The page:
Tuesday, November 17, 2009

Pictures Of Danville, Virginia. Danville Train Station. The Episcopal Church.

While in Danville, I had time to drive around and shoot some pictures. Hope you enjoy.
I miss seeing the fall colors at the beach.
These colors are spectacular.
I loved these two trees.
They're at the Episcopal Church in Danville.
This is the trestle going over the Dan River ...
... which is still swollen from all the rain.
That's all debris stuck at the base of the columns.
This is the old train station, now a satellite of the Science Museum of Virginia.
Here's my last post about the train station.
I liked the brick work here.
I get excited at trees changing colors in the fall.
I went from the West side of this tree ...
to the East.
I took a trip down to Danville's Lee Street Cemetery. There's some beautiful stained glass there and interesting statuary.
Little Ella was 2 years old and her baby brother or sister probably died at birth, since the baby has no name. Makes you wonder what happened to them.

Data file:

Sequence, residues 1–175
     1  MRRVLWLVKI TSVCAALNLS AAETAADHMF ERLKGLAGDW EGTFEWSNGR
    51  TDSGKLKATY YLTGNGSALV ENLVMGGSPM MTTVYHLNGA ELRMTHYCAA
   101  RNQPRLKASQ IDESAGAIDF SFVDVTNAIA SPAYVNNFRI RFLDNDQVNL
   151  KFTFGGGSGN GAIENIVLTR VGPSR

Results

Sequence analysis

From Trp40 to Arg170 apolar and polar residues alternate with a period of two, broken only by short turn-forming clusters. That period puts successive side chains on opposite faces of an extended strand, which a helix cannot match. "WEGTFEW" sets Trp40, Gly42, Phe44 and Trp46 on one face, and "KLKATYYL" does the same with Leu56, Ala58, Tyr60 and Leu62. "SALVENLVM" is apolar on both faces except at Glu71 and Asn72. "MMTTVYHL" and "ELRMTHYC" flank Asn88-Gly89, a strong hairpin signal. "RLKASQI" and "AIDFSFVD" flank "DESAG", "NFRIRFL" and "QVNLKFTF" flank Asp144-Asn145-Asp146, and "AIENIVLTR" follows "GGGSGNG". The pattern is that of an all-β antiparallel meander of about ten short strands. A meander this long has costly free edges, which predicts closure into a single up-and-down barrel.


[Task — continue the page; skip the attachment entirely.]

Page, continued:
Adjacent to the Lee Street Cemetery, is Danville National Cemetery. During the Civil War, Danville was an important transportation hub. Its railroad was used to transport a great number of recruits, supplies, and war materials and provisions to the Northern Virginia Army. During the Battle of Manassas in 1861, AKA the Battle of Bull Run, the first major land battle of the Civil War, the Confederates found themselves with large numbers of captured Union prisoners which were transported to Richmond. By 1864, General Sherman had effectively destroyed the railroads, thus disastrously depleting the South's resources. The population of Richmond could no longer feed and clothe themselves, let alone their prisoners. To reduce the high prison population in the Confederate capital, the POWs were relocated to six tobacco warehouses in Danville. These facilities held thousands of officers and enlisted men, living in overcrowded conditions. About 1400 men died, the principal causes of death being pneumonia, smallpox, scorbutus (something like scurvy), and chronic diarrhea. The Danville National Cemetery was established in December 1866 and the original interments at the cemetery were the remains of Union POWs who died in the Confederate Prison in Danville. Many of the bodies were buried in mass graves. These graves were later exhumed and the bodies buried underneath individual markers.